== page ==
The Best Threeball Formats For Golf

Three is often seen as an awkward number for golf but it doesn't have to be. We select some of our favourite formats

Threeball format
(Image credit: Getty Images)

A lot of tournament and medal golf is played in threes but it doesn't generally make for the best game when you are having a social game. But there are some great ways to enjoy the game as a threeball and we've highlighted some of our favourites here.


The simplest of all. You all play and whoever scores the lowest net score for the round wins. OK, it's a bit dull and has the disadvantages of strokeplay or medal golf - no picking up, one bad hole can ruin your round and so on.


Again this is a lot of threeballs' go-to format given everyone just keeps their scores and the winner is worked out at the end. While it's straightforward and you can blob a few holes and still be competitive, there are more fun ways to enjoy the game as a three. 


This is match play competition with a team of one player taking on a team of the other two. To make it fair, the singleton team changes ever six holes. The team with two in it, their betterball counts as their score. A point is given to each golfer on the winning side on a hole, and whoever has the most points after 18 holes is the winner.

Barracuda/Split 6s

Another matchplay version, but in this one everyone plays on their own. Six points are awarded for each hole. If there is an outright winner and an outright second place then it is four points to the winner and two to the second place. If two people tie for first it is three points each to them. If two people tie for second they get a point. If everyone ties the hole they get two points each.

A player can seem out of it, and then get on a run of a few good holes, and a bundle of four pointers, and they are suddenly be right back up there.

To make things simpler, if you want to leave the pencil in the bag, the scores can be simplified after each hole. So, whoever has the lowest score, that score is taken back to zero and the same number of points deducted eg if the scores are 3-6-12, they can be adjusted to 0-3-9. The scores will always be divisible by three. 

There is a a variation where, if you win a hole by two strokes, then you get all six. 


One player plays his ball throughout, and takes on the other two who are a team playing greensomes. This is a bit of an odd one but it can work well if you all have a go at being the single for six holes each. And greensomes is a brilliant and very underrated format.

On The Perch/Chairman

This takes the idea from squash where only the person who is serving can score a point so, for our benefit, if you are On the Perch or In The Chair or Chairman, only this person can score a point.

The game starts with the perch being empty. The first player to win a hole outright then goes on the perch. If that person then wins the next hole outright, they score a point; if someone else wins that hole outright then they go on then perch. If the player on the perch halves the hole, he or she remains on the perch. If the other two players halve the hole the player is knocked off the perch and the perch becomes empty.

This tends to be a low-scoring affair. The disadvantage with it that it can fizzle out towards the end of the round – such as if you are going down the 18th fairway with the perch empty.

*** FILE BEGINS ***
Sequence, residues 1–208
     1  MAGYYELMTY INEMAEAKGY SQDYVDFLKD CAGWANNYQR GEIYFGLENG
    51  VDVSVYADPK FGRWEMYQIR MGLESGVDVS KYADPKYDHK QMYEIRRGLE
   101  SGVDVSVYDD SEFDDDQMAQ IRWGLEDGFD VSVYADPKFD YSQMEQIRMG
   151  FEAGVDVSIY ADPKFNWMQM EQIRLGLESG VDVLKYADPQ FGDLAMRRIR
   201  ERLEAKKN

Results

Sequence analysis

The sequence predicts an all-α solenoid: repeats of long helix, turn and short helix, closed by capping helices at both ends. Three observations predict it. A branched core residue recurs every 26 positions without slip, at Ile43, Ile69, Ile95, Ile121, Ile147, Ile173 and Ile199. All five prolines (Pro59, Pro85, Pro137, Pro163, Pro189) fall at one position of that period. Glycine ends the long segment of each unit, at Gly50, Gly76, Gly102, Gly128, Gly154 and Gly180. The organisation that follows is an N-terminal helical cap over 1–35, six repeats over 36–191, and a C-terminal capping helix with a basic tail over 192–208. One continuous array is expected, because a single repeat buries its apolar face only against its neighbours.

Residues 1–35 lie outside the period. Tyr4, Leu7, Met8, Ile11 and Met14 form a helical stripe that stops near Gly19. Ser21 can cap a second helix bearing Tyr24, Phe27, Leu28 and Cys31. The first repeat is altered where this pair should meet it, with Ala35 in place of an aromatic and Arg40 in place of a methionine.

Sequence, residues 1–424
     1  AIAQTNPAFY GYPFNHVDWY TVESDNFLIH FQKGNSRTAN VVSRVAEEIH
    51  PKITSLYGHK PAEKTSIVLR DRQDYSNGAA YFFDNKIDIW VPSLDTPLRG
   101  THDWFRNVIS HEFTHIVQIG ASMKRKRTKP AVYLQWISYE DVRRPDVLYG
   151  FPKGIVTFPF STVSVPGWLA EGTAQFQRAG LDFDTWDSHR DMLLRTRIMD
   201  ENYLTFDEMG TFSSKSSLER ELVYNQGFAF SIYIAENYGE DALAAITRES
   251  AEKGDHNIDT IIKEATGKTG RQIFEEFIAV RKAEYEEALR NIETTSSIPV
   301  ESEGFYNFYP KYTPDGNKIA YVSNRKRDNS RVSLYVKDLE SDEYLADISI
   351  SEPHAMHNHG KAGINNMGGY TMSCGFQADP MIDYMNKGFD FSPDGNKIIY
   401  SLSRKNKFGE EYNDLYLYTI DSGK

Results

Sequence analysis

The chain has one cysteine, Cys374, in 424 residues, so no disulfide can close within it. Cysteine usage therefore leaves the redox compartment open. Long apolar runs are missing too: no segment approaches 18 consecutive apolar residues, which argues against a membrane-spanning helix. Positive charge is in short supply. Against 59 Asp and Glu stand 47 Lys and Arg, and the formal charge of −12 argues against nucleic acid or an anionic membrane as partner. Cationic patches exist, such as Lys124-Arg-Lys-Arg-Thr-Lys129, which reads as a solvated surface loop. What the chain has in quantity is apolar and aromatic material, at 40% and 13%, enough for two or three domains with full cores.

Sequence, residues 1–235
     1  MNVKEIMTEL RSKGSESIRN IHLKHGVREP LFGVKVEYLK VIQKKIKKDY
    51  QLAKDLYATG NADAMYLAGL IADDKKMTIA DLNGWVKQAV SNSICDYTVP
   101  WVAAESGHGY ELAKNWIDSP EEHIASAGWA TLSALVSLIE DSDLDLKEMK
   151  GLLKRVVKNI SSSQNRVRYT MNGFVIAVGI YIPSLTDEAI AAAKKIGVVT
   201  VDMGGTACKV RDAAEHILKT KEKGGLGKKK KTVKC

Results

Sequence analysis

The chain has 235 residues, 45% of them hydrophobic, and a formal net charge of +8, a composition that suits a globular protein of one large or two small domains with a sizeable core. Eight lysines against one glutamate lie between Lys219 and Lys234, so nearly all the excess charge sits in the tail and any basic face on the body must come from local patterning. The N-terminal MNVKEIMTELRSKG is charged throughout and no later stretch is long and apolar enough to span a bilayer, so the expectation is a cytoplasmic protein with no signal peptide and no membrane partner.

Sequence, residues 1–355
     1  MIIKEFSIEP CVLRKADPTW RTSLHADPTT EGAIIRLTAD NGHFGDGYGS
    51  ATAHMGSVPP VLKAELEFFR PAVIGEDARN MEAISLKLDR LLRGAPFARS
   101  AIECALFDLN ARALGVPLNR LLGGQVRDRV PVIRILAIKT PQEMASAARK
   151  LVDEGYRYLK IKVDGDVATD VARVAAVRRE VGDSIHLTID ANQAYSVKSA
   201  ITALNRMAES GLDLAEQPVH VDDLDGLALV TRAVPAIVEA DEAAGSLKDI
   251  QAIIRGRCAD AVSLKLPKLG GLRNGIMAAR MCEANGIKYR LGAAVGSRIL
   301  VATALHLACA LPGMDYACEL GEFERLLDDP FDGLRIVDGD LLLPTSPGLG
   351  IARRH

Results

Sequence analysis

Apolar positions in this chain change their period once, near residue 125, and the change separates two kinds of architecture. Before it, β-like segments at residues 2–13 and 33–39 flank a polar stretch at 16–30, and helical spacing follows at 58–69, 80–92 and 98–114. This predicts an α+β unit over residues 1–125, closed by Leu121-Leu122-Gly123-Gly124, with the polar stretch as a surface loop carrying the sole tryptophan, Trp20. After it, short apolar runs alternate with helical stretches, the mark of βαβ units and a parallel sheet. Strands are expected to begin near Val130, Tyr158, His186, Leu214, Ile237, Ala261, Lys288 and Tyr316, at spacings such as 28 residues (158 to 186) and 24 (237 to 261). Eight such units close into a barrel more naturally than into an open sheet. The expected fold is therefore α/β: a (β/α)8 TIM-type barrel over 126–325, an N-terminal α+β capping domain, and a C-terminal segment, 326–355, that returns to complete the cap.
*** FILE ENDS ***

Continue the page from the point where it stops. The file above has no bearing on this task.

One variant of The Chair is that once you are in the chair you win a point if you win the next hole, but you have to win a hole to stay in the chair. Say A is in the Chair but does not win the hole, then A is out of the Chair. B may win the hole but B is NOT in the chair. The Chair is empty. Points are tough to accumulate but it means that in general all players have an involvement to the 18th.


Here the single player plays with the ghost who is off scratch and pars every hole. The other two play as a pair and you play a fourball betterball match. There's probably not a huge sense of achievement when Old Man Par wins a few holes but, equally, you'll be quietly tutting at him as your opponents reel off a load of net birdies. 


Each player in turn controls the tee (so six tees each in the round) starting in handicap order from 1st tee, second lowest handicap on 2nd tee etc.

When its your six tees you have to nominate a player you think will score well and you get their points for the hole added to your own points for the hole – you don’t have to nominate until after the tee shots have been hit.

However, on at least one hole of the six that you control you must cry Wolf. Now you have to beat both the other players and you’ll collect their points to add to you own, however if either of them beat or equal your score you’ll lose any points you scored on that hole and get a zero.

The strategy (fun) is in looking at the six holes that you control, to figure out which gives you the best chance of beating the other two players.

If it’s your tee and after seeing the tee shots, if you forget to nominate who’ll win the hole by the time you leave the teeing area then you are automatically crying wolf on that hole.

Mark Townsend
Contributing editor

Mark has worked in golf for over 20 years having started off his journalistic life at the Press Association and BBC Sport before moving to Sky Sports where he became their golf editor on He then worked at National Club Golfer and Lady Golfer where he was the deputy editor and he has interviewed many of the leading names in the game, both male and female, ghosted columns for the likes of Robert Rock, Charley Hull and Dame Laura Davies, as well as playing the vast majority of our Top 100 GB&I courses. He loves links golf with a particular love of Royal Dornoch and Kingsbarns. He is now a freelance, also working for the PGA and Robert Rock. Loves tour golf, both men and women and he remains the long-standing owner of an horrific short game. He plays at Moortown with a handicap of 6.